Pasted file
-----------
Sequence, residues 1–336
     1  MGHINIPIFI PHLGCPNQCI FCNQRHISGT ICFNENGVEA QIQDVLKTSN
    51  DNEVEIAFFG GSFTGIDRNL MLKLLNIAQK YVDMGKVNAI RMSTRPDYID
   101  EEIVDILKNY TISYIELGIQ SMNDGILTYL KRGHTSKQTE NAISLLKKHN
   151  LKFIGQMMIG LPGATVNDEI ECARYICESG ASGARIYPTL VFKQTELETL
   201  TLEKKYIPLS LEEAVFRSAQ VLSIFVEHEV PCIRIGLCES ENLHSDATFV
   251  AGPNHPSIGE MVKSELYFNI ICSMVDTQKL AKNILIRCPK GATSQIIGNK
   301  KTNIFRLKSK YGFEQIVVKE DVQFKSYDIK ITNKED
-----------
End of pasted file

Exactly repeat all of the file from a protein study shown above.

Sequence, residues 1–336
     1  MGHINIPIFI PHLGCPNQCI FCNQRHISGT ICFNENGVEA QIQDVLKTSN
    51  DNEVEIAFFG GSFTGIDRNL MLKLLNIAQK YVDMGKVNAI RMSTRPDYID
   101  EEIVDILKNY TISYIELGIQ SMNDGILTYL KRGHTSKQTE NAISLLKKHN
   151  LKFIGQMMIG LPGATVNDEI ECARYICESG ASGARIYPTL VFKQTELETL
   201  TLEKKYIPLS LEEAVFRSAQ VLSIFVEHEV PCIRIGLCES ENLHSDATFV
   251  AGPNHPSIGE MVKSELYFNI ICSMVDTQKL AKNILIRCPK GATSQIIGNK
   301  KTNIFRLKSK YGFEQIVVKE DVQFKSYDIK ITNKED